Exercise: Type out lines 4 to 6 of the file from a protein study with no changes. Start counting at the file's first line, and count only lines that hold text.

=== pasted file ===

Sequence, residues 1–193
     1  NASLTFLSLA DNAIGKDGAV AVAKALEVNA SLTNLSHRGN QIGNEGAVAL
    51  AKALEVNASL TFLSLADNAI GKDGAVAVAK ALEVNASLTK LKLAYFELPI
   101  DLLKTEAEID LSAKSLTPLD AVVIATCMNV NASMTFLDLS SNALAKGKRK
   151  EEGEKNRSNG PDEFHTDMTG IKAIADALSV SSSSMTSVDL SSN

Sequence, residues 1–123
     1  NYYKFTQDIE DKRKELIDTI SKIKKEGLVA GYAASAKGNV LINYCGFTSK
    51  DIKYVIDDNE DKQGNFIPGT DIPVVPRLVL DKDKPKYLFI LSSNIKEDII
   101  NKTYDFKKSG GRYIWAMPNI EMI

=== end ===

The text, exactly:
   101  DLLKTEAEID LSAKSLTPLD AVVIATCMNV NASMTFLDLS SNALAKGKRK
   151  EEGEKNRSNG PDEFHTDMTG IKAIADALSV SSSSMTSVDL SSN

Sequence, residues 1–123